When Is It Time To Stop Using a Deprecated Feature?
Twitter conversations can sometimes lead to interesting things. Jonathan Kehayias (Blog | Twitter) and I were going back and forth about something, and in some cases, how we differ on how we teach (some of that was based on teaching or not teaching a deprecated feature). It was a very healthy discussion if you ask me. I really respect Jon and he’s one of the smartest folks on the planet when it comes to SQL Server in nearly every respect. I don’t say that lightly. Paul, Kim, and the rest of the crew over at SQLskills are very lucky to have him on their team.
Be it Windows, SQL, SharePoint, whatever – all of these products at some point release a new version and as part of the lifecycle of that product, some features are deprecated. A good example is that database mirroring has been deprecated as of SQL Server 2012. It’s still in the product, but its development is over and it will disappear from the product in a few versions. Another easy example for me to mention (and what sparked the debate between Jon and I) was the use of the aforementioned cluster.exe in Windows, which was deprecated in Windows Server 2008 R2 and is technically gone in Windows Server 2012 (disclaimer: you can add it back by enabling a certain feature, but it hasn’t seen any improvement or development since Windows Server 2008; more on cluster.exe in a bit). In the immortal words of Hall and Oates, “She’s Gone” (following the Daryl Hall theme from my last post; I was challenged to use “Rich Girl”, but this was more of a natural fit – sorry Rick!).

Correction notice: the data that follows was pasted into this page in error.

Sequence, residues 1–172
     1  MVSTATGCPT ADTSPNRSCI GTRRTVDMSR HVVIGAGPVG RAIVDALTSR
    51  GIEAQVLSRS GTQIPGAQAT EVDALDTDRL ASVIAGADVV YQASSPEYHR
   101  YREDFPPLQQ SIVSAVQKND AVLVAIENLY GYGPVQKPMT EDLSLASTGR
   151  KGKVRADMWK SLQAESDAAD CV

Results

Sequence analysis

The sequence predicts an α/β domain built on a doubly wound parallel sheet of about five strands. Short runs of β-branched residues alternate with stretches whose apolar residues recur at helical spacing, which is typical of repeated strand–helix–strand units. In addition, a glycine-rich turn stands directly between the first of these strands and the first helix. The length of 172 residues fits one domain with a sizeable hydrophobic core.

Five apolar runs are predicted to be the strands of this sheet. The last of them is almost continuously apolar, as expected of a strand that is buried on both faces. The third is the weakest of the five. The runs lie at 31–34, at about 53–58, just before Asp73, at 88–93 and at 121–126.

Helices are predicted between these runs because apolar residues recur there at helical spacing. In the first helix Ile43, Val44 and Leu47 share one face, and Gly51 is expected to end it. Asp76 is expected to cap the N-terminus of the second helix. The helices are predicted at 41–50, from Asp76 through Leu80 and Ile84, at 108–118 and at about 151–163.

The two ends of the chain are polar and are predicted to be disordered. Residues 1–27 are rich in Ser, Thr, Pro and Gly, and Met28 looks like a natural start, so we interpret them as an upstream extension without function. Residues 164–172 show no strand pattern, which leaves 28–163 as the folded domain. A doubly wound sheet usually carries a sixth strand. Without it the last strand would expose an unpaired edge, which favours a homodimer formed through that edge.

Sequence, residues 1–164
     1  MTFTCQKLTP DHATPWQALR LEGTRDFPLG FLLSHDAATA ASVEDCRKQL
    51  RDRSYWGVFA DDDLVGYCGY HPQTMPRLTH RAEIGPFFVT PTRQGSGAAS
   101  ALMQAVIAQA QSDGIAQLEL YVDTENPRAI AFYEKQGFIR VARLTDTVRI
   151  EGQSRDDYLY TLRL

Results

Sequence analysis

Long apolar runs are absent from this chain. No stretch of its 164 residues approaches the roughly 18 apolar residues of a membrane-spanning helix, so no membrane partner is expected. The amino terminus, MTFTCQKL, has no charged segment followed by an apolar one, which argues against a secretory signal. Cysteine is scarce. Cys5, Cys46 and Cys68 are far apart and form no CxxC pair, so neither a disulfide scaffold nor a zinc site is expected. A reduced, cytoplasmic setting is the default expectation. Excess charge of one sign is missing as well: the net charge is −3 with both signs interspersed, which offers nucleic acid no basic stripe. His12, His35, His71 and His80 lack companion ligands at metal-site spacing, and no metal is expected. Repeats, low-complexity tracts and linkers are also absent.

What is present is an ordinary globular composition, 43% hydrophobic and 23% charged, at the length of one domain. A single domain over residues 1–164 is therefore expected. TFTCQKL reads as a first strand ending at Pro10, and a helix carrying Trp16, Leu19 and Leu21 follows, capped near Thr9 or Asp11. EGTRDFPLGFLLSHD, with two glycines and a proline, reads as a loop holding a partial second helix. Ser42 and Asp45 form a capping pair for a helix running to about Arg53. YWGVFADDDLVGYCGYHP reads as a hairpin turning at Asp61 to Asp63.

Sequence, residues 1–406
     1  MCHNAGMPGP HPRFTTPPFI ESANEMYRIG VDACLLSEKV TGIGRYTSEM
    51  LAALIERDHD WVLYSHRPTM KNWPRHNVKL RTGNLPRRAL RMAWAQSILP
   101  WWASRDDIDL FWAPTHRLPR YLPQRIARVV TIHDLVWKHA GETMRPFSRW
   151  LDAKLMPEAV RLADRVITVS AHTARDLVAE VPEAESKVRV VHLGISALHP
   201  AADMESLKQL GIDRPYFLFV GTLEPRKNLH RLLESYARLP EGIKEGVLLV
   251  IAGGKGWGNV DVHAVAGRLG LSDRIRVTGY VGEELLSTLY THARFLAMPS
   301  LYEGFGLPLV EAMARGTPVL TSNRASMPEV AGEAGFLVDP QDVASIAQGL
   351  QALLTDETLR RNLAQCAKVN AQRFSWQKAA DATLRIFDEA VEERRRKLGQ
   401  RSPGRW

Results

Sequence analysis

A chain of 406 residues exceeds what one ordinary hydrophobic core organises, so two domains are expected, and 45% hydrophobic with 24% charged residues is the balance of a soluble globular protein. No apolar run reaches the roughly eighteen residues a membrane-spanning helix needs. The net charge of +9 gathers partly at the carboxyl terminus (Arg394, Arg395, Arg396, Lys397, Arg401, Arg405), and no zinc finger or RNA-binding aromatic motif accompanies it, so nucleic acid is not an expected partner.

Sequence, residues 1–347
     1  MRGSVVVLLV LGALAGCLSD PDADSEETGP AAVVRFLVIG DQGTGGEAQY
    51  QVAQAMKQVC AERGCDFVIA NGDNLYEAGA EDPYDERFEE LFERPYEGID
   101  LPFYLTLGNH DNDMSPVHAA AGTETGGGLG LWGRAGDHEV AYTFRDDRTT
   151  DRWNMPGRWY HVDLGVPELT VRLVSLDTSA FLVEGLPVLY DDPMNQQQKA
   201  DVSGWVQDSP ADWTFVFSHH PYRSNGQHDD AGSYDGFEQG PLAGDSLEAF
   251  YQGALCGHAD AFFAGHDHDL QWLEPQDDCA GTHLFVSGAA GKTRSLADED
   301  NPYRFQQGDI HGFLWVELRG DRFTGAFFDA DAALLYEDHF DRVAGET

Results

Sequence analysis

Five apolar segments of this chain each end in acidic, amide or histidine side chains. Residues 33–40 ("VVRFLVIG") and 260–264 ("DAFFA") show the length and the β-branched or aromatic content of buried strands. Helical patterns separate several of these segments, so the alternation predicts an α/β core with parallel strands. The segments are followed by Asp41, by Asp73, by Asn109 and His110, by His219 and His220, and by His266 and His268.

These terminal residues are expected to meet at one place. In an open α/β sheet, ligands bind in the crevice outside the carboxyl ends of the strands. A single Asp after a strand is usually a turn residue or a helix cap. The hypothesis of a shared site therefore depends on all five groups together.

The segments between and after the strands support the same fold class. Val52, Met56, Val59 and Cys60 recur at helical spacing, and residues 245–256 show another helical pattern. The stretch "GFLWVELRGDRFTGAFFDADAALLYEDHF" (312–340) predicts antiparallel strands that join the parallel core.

That begs the question: when do you stop actively using/teaching/recommending/etc. a certain feature you either know has been deprecated or will be going away (but may not be public knowledge although you have good NDA information which you really can’t share)? The answer, not surprisingly, is “it depends”.
Let’s take the case of my good friend cluster.exe who I’ve lived with for the better part of 10+ years. At this point, I’m not seeing any new deployments of SQL Server 2008 (RTM branch or R2) on the original Windows Server 2008 (no R2); it’s all basically Windows Server 2008 R2 with SP1. W2K8 R2 introduced the first round of PowerShell cmdlets for Windows Server failover clustering (WSFC). When I wrote my SQL Server 2008 book, W2K8 R2 was just being wrapped up so I documented both. As time has marched on since 2008/9, not only have I personally used cluster.exe less, when I teach my classes or do presentations, I don’t even bother showing it anymore. Why? In 2012, to me it makes no sense to show something that is deprecated and outdated, and is gone in Windows Server 2012. If you’re using Windows Server 2008 R2, you really should be using PowerShell to administer your clusters (one man’s opinion, of course; feel free to disagree). However, there are still exceptions to that rule. For one specific thing in Windows Server 2008 R2, there is no PowerShell equivalent (it’s basically related to availability groups in SQL Server 2012). This is fixed in Windows Server 2012. Similarly, some things that have a PowerShell cmdlet (Test-Cluster), have no cluster.exe equivalent. The pros outweigh the cons for me of not showing or teaching cluster.exe these days. Would I if someone asked? Sure. I’m not so stuck on not showing it; I just think it’s better to learn the stuff you can use now AND in the future when you want to go to Windows Server 2012.